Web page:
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Overview of Thymosin Alpha-1 Peptide

Peptides such as Thymosin Alpha-1 have been developed for the past twenty years. After early research studies suggested favorable results, Thymosin A

Peptides such as Thymosin Alpha-1 have been developed for the past twenty years. After early research studies suggested favorable results, Thymosin Alpha-1 has been suggested to act as an immune-enhancing, modifying, and restoring agent [i]. This recognition came after the research suggested positive results. According to the claims made about Thymosin Alpha-1, it may hasten the process of healing by strengthening the immune system.

In this comprehensive analysis of Thymosin Alpha-1, we have made it a point to condense and include information that is currently available from scientific literature, as well as some anecdotal research data.

What Exactly is the Thymosin Alpha-1 Peptide?

A total of 28 amino acids make up the endogenous peptide known as Thymosin Alpha-1, which was first isolated from the thymus gland. Much work has been put into its extraction and purification due to the considered immune-boosting impact of the thymus gland. This involves extraction from the Thymosin fraction 5 that was first isolated from the thymuses of calves.

Through a process known as solid-phase synthesis, scientists may manufacture a synthetic version of Thymosin alpha-1, known as Thymalfasin. On the other hand, there have been some recent developments in recombinant gene technology.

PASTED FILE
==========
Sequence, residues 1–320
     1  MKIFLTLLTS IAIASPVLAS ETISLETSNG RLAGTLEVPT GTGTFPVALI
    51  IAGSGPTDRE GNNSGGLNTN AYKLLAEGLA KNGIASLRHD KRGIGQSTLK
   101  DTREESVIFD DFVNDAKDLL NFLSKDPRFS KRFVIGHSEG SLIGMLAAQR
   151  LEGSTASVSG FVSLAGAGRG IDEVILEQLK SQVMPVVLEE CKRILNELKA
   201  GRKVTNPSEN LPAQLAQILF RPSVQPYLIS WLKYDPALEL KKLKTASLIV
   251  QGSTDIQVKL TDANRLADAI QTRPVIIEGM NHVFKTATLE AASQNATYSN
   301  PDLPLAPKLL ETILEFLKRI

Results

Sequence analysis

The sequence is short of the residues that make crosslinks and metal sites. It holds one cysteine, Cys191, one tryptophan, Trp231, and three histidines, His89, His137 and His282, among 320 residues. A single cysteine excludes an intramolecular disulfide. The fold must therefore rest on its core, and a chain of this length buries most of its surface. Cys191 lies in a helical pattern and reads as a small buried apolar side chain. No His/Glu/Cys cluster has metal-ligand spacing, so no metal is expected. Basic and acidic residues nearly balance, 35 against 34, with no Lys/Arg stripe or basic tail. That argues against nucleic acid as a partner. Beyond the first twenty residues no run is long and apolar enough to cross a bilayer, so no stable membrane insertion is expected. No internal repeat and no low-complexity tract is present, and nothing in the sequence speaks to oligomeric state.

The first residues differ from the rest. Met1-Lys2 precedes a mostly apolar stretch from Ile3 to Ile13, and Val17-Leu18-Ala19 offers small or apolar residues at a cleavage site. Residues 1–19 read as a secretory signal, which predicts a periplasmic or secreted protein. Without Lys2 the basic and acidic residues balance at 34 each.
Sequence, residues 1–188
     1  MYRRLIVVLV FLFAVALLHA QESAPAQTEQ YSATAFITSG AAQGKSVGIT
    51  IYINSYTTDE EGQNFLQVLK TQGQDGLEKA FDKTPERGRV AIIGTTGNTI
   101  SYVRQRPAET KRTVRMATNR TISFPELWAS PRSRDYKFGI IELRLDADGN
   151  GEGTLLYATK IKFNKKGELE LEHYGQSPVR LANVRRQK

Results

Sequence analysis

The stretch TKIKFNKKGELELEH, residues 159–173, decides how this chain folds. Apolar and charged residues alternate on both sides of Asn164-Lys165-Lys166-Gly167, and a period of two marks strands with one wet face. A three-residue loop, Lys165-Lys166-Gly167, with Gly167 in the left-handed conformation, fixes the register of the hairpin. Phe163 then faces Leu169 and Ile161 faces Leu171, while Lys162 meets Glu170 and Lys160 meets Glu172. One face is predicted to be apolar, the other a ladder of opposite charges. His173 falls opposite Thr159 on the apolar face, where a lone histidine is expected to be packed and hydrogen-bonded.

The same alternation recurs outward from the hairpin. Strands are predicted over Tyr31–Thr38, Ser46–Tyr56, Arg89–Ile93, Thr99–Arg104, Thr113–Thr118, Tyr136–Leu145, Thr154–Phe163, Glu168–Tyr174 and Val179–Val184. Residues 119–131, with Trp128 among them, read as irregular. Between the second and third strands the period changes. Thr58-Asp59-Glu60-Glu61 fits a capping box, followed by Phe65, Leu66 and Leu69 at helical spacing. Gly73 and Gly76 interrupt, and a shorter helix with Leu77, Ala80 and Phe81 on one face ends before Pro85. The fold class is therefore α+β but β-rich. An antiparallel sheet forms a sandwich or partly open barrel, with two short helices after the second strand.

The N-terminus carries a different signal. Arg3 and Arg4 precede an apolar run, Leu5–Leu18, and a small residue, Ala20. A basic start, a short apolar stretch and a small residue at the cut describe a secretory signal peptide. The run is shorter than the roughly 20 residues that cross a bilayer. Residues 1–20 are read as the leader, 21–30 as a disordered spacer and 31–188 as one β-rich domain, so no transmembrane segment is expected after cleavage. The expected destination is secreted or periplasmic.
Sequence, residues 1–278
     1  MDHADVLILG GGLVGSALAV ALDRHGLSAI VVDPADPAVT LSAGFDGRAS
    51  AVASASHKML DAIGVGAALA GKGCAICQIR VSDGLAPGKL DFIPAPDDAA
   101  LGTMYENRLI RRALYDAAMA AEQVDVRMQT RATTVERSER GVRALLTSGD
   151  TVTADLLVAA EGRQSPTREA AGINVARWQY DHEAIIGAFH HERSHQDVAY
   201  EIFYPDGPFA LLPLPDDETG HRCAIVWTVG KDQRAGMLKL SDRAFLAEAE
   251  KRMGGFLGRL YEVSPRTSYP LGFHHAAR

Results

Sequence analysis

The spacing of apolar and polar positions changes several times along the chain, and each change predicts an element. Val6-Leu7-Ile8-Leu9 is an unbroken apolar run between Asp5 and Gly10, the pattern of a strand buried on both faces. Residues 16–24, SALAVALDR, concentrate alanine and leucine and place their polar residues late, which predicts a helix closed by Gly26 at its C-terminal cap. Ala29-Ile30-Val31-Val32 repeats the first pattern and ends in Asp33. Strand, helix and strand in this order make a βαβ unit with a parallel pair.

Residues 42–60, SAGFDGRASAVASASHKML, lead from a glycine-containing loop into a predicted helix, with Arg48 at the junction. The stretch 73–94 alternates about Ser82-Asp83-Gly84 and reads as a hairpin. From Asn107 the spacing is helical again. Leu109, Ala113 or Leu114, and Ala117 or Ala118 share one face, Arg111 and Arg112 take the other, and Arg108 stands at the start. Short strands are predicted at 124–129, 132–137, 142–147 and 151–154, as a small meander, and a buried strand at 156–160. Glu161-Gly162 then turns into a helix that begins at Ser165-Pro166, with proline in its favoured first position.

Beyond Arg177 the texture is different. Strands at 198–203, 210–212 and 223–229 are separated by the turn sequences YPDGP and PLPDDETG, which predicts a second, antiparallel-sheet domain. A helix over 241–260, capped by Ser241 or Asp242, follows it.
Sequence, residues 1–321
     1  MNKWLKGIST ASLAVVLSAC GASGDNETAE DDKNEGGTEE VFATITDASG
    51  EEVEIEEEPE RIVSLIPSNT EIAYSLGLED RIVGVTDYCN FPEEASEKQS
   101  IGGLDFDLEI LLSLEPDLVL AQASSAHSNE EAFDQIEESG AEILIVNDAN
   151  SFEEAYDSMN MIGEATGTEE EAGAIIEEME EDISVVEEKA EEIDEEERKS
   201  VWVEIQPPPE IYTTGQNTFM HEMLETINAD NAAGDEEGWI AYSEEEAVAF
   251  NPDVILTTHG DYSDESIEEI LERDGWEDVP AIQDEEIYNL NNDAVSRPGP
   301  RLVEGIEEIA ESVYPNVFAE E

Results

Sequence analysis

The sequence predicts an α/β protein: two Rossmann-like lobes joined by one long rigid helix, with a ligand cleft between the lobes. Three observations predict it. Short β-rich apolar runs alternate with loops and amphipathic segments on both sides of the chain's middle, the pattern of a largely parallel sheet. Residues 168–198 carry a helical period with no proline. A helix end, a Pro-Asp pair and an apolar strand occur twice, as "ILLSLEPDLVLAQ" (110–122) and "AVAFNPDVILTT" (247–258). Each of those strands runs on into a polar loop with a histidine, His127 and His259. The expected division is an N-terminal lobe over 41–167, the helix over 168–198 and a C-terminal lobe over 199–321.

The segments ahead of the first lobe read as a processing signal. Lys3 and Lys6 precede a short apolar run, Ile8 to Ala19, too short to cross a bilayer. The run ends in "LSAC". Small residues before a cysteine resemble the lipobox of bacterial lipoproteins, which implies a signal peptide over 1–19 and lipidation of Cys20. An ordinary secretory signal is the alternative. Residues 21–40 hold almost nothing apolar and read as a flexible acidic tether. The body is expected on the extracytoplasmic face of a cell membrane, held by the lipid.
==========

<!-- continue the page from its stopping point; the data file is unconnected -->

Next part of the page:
How Does Thymosin Alpha-1 Work?

Studies suggest that Thymosin Alpha-1’s primary potential function is to strengthen the immune system, and it may possibly achieve success in this via acting as a mediator for immunological activities at the cellular level.

Toll-like receptors are essential immune response mediators and play a significant part in the innate or natural immunity. Research suggests that antigen-presenting cells include a protein called Thymosin Alpha-1, which may stimulate the toll-like receptors TLR-9 and TLR-2. As a result, these cells comprise the initial line of defense in the immune system [i].

Findings imply that it does this by boosting interferon alpha and gamma (IFN-a, IFN-y) [ii], another mechanism by which it may exert its immune regulating potential. Both IFN-a and IFN-y are considered important in the fight against viruses that assault organisms.

Investigations purport that natural killer cells may be activated by Thymosin Alpha-1, which may also accelerate the development of T lymphocytes. After that, these cells are considered to lend a hand in activating other cells within the immune system, ultimately leading to the detection and destruction of infected cells.

Researchers speculate that due to its potential to inhibit the action of IL-1b and tumor necrosis factor-a, Thymosin Alpha-1 may contribute to the production of an anti-inflammatory response.

Scientists hypothesize that this peptide may possibly affect enzymes that deal with oxidative stress, namely superoxide dismutase and glutathione peroxidase. In the long run, this may help to prevent unnecessary oxidative damage [iii].

Thymosin Alpha-1 Peptide Properties